The circuit diagram shows two rows of LEDs; the upper one is the normal rpm indication scale, for which the following colored subdivision may be used: 0 to 5000 rmp are green LEDs; from 5000 to 6000 rpm yellow or orange types; 6000 rpm and up are bright red types. This range and subdivision may, of course, be adapted for the specific type of engine.

The lower row of LEDs may be used to indicate a number of fixed rpm rates on the scale, for instance at 1000 rpm intervals.

The PCB track layout and component overlay with this design should enable anyone to readily con struct the LED scale revolution counter, but note that the LEDs are mounted at the PCB track side to get the correct indication in clockwise direction with increasing the rpm rate. Also note the use of the low voltage-drop regulator IC2 which supplies IC1 and IC3 with a stable, noise-free 10 V rail.


This circuit provides motor-cycle riders with a gear indication to the foot-operated lever at one side of the engine block. The proposed indication unit will be appreciated by those riders in the habit of forget ting which gear they have selected when attempting to drive off at traffic lights or crossroads and finding that the engine stalls because it had been switched to second gear.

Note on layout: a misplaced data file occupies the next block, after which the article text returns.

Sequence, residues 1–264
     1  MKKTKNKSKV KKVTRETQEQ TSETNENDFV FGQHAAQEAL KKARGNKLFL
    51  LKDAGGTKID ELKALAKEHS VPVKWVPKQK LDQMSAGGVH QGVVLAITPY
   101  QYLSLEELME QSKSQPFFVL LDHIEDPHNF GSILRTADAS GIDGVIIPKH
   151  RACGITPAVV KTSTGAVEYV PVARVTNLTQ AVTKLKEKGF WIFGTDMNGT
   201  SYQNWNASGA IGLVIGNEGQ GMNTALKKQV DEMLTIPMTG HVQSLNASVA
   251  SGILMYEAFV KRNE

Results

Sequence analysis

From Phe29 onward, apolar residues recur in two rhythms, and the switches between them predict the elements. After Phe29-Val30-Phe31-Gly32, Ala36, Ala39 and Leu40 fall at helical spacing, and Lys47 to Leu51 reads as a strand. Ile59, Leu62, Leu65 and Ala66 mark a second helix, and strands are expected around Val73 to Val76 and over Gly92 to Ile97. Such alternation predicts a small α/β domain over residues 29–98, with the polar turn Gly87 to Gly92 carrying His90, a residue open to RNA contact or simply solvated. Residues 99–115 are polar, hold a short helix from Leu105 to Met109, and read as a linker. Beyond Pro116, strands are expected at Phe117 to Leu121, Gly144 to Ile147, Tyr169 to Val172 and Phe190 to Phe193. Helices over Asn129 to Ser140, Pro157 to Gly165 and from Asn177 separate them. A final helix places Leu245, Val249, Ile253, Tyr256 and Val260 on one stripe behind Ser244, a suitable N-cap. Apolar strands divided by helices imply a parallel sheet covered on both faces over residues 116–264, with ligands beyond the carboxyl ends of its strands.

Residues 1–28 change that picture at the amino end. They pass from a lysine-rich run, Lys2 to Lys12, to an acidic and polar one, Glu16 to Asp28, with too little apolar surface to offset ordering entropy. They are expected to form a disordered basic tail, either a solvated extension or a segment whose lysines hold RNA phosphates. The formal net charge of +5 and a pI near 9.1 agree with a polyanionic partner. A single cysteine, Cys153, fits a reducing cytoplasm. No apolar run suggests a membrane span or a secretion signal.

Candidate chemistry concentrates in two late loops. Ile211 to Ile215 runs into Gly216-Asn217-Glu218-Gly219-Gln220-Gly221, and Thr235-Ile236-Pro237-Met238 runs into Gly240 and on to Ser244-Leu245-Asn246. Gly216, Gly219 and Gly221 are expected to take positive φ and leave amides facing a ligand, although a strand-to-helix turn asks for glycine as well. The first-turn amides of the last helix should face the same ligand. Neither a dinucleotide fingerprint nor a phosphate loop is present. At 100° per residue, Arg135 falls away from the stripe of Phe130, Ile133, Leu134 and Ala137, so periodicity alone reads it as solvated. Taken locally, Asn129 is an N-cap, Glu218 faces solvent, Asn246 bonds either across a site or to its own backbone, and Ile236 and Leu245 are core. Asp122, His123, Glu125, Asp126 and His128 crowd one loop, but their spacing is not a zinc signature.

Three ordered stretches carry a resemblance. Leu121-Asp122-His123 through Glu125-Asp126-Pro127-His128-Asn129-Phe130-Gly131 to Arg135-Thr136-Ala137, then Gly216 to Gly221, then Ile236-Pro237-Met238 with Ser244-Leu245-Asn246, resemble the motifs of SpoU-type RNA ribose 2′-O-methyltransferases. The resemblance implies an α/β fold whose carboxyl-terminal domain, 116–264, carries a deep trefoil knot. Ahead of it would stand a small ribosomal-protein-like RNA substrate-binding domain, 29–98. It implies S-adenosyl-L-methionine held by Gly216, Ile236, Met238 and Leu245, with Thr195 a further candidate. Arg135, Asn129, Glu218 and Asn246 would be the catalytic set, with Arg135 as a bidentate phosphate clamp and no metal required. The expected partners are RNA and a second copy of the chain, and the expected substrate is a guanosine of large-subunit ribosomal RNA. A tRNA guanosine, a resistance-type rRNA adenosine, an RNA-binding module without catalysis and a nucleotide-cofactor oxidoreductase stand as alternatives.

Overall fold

The circuit as shown is based on the use of two gear-lever operated, plunger or roller type microswitches, along with the neutral gear indication lamp, which is a standard item on most types of modern motor-cycle.

Bistables N1-N2 and N3-N3 serve as debouncer circuits for micro-switches S1 (lever down) and S2 (lever up). If either one switch is actuated, N14 or N15 will cause bistable N12-N13 to be set or reset; counter IC5 counts up (U/D = 1) or down (U/D =0) as a result of actuating S2 or S1 respectively. On release of the relevant microswitch, AND simulator D1-D2-R6 supplies ICs with a clock pulse, incrementing or decrementing the gear readout com posed of IC6 and the indication-panel mounted 7-segment LED display.

Input pin 5 of gate N6 may be wired to point A, B, or C to suit 4-, 6-, or 5-gear types of motor-cycle respectively. N6 inhibits OR gate Nis from supplying further clock pulses if S2 is operated when driving in top gear. N16 and Nit have the same function for the bottom gear, preventing the counter from decrementing the display reading at gearing up from neutral to 1.

If the neutral switch-S- is closed, IC8 supplies the A and B inputs of 106 with logic low levels; the level at the C input need not be forced low, since the neutral gear is in between first and second, both of which positions cause the most significant bit –C- to be low anyhow.

Parts R5-C2-N10-N5 have been included to prevent an erroneous display reading at gearing down from 2 to neutral and up again; for two seconds, Nis is disabled from clocking 105, so that the lever-up pulse is not detected.

At power-on, R7 and C3 preset counter 105 to state 1.

In conclusion, it goes without saying that S1 and S2 should be good quality microswitches, sealed against moisture and dirt.